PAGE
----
“Living in San Diego opened my eyes,” Ann recalls. “Not a lot of things were ethnic, it was just good food.” She entertained her friends with renditions of popular Thai dishes, essentially working out the menu for the restaurant she always knew she’d have one day.
Christina found the same kind of support in her social circle—she couldn’t believe how many of her friends were begging for the Lao recipes she’d bring to parties. She made five short videos of her most requested recipes and posted them to YouTube, which blossomed into the tremendous online following she uses to give voice to her (not her mother’s, not her grandmother’s, her) Lao cooking.
So here are two people, Christina and Ann, both Minnesotan, both Lao, both making their food right here, spreading it in two different ways. Ann, slowly but surely, snuck Lao onto the public’s radar using Thai and Japanese as a Trojan horse. Christina, using her social media savvy, did the exact opposite—she shouted Lao from the online rooftops and found there’s an audience who wants to hear it.
Which brings us back to the original conundrum—if there’s growing interest, a clued-up audience of adventuresome eaters, and the people who eat it at Lemon Grass love it, then why don’t we have Lao restaurants in the Twin Cities? As you might expect, it’s complicated, and any explanation almost certainly elides over decades of complexity. It’s a tangle of identity, immigration, proximity, assimilation, politics, infrastructure, and, ultimately, fermented fish sauce.
Here’s a first guess: Lao food is overshadowed in the Twin Cities by Thai food. It’s a similar cuisine, from a neighboring country, with several dishes in common. But Thailand is an emerging second-world country, familiar to many Americans through a booming tourism industry. Laos remains solidly in the third world. And Thai food is more marketable. It’s lighter, more delicate and perfumed, more citrusy and sweet—perfect for the American palate. Lao food tends to be earthier, funkier, more direct and assertive.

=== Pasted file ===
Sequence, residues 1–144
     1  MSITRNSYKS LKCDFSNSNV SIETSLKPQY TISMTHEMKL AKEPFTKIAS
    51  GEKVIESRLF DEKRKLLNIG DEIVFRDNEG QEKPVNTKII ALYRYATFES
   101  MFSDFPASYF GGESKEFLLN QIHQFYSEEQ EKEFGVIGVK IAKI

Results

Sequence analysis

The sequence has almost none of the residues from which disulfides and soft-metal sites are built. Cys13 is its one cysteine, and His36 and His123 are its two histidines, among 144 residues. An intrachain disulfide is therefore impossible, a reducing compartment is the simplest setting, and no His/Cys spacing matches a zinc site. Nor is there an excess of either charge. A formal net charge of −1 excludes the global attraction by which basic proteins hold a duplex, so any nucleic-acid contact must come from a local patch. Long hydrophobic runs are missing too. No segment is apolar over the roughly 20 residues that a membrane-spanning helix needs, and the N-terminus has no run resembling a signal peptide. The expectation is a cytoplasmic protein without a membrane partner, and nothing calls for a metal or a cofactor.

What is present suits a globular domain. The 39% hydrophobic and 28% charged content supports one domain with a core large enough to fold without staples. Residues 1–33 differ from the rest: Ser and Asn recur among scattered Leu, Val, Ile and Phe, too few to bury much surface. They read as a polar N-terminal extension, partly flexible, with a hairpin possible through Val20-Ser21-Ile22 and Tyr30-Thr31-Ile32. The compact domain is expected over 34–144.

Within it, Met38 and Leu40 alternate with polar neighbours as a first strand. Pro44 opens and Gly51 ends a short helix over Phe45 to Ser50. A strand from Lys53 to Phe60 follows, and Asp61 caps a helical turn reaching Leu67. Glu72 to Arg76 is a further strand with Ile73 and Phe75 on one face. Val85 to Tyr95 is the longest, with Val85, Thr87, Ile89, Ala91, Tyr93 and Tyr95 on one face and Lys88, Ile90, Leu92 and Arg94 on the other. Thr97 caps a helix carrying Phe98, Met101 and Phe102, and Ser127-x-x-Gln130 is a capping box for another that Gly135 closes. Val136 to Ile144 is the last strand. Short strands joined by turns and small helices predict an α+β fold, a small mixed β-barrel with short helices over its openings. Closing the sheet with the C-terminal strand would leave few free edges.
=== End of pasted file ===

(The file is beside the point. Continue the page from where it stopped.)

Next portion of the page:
A second guess, along those same lines: Lao food still tastes ethnic to many Minnesotans. A Scandinavian-bred Midwesterner might find the texture of sakoo completely unrecognizable in their sense memory. Or they might balk at the earthy flavor of Lao food, which owes largely to padaek, a fermented fish sauce that seems to be in every Lao dish. (If a dish is ever described with the option of being prepared Thai-style or Lao-style, chances are that padaek is the X-factor.)
A third guess: The niche that Lao food could have filled in the Twin Cities was filled by Hmong food. Again, a similar cuisine—several dishes at Hmongtown are served Lao-style. But the Hmong, a stateless people in Southeast Asia, had an obvious impetus to organize once they congregated in Minnesota. That St. Paul has two Hmong-specific marketplaces is, for them, a long time coming.